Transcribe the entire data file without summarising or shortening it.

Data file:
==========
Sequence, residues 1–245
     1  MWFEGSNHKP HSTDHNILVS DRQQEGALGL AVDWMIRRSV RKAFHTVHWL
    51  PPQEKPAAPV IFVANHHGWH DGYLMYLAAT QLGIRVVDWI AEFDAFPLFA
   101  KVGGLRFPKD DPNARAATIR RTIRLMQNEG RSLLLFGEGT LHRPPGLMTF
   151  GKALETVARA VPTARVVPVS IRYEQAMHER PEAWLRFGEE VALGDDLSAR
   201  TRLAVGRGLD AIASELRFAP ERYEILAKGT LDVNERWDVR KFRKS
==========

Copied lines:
Sequence, residues 1–245
     1  MWFEGSNHKP HSTDHNILVS DRQQEGALGL AVDWMIRRSV RKAFHTVHWL
    51  PPQEKPAAPV IFVANHHGWH DGYLMYLAAT QLGIRVVDWI AEFDAFPLFA
   101  KVGGLRFPKD DPNARAATIR RTIRLMQNEG RSLLLFGEGT LHRPPGLMTF
   151  GKALETVARA VPTARVVPVS IRYEQAMHER PEAWLRFGEE VALGDDLSAR
   201  TRLAVGRGLD AIASELRFAP ERYEILAKGT LDVNERWDVR KFRKS